It was one of the pledges of his electoral campaign, and now London Mayor Boris Johnson has made good on his promise to bring back the Routemaster , London's iconic red double-decker bus. However, this is not just a return of the diesel-chugging monster that contributed to London's smoggy reputation, but a cleaner, greener--and a damn sight dearer--model. And today, the new design, complete with new-generation hybrid engine, was unveiled  to the general public.
"This iconic new part of our transport system is not only beautiful, but has a green heart beating beneath its stylish, swooshing exterior," said the mayor. "It will cut emissions and give Londoners a bus they can be proud of. I expect to eventually have hundreds of these on London's roads, and for cities around the globe to be beside themselves with envy for our stunning red emblem of 21st Century London.
Costing $420,000 each, Transport for London claims that the new Routemaster will be 15% more fuel efficient than existing hybrid buses, 40% more than the existing diesel double deckers. Thomas Heatherwick , the brains behind the U.K. Pavilion  at Shanghai World Expo was one of the designers involved in the redesign, which includes three doors, two staircases, one of which has a window that follows the upward swoop of the stairs. "It suddenly becomes quite distinctive because, as a bus user, you'll suddenly be able to see out as you walk up the staircases," he said.
"We want it to be inspiring, we want it to be fun, we want this new bus to encompass everything that is great about traveling around London on an icon like the old Routemaster was," says Transport spokesman Kulveer Ranger. Unlike the old Routemaster, however, the open platform at the back can be closed off, should there be no second crew member on the bus--which makes one wonder whether public service cuts will ever allow for a conductor--traditionally, the chap or chapess with clicky ticket machine who'd give you a clip round the earhole were you young and annoying the old ladies.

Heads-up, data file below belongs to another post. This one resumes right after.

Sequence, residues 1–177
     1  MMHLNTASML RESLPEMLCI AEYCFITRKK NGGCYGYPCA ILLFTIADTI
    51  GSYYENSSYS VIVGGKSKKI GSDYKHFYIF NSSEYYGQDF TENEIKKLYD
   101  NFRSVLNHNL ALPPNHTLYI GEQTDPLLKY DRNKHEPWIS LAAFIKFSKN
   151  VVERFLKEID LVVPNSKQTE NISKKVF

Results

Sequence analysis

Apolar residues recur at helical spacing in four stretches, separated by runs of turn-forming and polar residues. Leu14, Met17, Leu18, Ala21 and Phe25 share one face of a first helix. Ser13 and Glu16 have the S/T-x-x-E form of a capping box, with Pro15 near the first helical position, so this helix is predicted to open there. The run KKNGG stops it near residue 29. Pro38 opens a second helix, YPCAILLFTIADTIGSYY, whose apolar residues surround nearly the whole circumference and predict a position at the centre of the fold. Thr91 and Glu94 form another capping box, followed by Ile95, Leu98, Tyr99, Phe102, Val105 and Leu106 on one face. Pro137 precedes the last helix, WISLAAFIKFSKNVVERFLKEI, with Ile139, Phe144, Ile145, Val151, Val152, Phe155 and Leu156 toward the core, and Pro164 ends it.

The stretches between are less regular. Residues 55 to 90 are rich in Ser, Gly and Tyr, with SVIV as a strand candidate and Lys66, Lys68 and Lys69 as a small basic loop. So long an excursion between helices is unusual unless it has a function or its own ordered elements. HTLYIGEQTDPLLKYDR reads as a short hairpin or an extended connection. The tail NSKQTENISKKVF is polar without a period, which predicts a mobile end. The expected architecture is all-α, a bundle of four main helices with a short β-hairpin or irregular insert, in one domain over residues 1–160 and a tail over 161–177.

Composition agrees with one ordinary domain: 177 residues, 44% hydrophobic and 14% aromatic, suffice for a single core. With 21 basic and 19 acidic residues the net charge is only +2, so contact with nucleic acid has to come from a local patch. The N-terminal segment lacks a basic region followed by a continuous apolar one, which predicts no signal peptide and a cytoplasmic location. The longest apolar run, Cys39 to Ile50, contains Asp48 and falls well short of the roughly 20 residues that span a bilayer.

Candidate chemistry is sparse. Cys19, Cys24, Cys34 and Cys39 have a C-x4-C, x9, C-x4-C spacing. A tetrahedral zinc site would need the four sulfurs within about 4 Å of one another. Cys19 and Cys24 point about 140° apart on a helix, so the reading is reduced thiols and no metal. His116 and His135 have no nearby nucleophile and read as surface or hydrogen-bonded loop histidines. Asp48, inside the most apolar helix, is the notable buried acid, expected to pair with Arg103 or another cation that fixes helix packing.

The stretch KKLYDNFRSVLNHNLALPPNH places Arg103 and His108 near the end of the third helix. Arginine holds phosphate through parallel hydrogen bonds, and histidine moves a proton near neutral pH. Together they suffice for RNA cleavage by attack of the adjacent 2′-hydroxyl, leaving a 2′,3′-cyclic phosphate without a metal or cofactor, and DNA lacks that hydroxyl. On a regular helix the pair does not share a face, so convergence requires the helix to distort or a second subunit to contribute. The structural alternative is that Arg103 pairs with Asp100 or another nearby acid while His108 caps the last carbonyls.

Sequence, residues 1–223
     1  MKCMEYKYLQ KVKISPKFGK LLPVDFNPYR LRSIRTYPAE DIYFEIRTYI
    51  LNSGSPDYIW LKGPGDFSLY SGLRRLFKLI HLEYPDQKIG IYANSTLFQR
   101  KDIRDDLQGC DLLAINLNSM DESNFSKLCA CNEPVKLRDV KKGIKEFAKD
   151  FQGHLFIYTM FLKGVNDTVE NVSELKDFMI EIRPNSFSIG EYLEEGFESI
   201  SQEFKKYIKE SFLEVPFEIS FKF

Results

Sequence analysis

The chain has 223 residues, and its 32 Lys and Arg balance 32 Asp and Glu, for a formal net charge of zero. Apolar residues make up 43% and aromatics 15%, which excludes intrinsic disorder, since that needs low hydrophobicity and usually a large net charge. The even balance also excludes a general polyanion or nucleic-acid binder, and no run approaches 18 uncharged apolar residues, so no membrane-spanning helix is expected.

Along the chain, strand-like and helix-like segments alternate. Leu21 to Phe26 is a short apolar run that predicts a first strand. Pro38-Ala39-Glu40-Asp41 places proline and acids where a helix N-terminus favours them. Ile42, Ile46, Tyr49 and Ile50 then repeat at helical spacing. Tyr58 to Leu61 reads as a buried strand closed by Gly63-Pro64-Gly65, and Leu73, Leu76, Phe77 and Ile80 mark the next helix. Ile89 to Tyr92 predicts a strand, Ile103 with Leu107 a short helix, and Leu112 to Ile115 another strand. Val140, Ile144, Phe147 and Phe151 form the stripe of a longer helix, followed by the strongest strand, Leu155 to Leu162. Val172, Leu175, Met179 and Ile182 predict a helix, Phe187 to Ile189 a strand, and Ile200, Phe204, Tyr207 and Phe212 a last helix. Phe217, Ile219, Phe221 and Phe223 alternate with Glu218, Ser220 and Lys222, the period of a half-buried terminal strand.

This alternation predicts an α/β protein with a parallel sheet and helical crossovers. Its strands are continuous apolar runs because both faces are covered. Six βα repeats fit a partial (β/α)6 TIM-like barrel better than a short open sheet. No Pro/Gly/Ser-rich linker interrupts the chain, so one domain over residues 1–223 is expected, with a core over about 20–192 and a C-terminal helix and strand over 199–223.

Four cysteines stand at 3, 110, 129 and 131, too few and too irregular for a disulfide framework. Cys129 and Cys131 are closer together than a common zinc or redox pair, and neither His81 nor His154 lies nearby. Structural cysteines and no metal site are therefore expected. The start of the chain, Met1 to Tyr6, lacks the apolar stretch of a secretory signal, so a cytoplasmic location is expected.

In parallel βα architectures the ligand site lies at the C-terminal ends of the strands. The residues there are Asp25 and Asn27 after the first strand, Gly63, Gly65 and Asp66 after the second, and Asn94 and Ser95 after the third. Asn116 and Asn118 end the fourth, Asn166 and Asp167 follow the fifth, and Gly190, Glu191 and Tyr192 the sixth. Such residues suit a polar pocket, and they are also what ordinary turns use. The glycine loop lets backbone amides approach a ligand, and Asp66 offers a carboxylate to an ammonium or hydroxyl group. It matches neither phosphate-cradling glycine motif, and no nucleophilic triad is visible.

Like the capital's telephone kiosks, beefeaters, and old queens, red double-decker buses are fabulously iconic. Designed in 1954, the original Routemaster had an open rear entrance that meant you really could run for the bus, rather than sit, picking your nose boredly, at a bus stop. To some people they were dangerous, to others, they were the easiest thing to use, meaning you could jump on one even when it was moving. Daredevil cyclists would even grasp the pole next to the exit and get the bus to pull them up the hill.
In 2000, Ken Livingstone the first Mayor of London for, ooh, a good few years, axed them in favor of articulated, "bendy " buses. The point being, he claimed, you could get more people on them and that it negated the need for a conductor. Londoners, however, did not see it this way, and started getting about as vocal as it is possible for an Englishman not watching his football team can be. (Example: "Er, I don't wish to be difficult but, er, are you sure this is the right way to go, Kenneth?") Bendy buses were not popular with cyclists or, indeed, pedestrians, and thus began a campaign  to get them off the capital's roads. And now Mayor Johnson has done it.
The final tweaks are being made at the Routemaster's manufacturers, Wrightbus, based in Northern Ireland, and the finished design will be ready next year, and on the city's streets by 2012--just in time for the Olympics.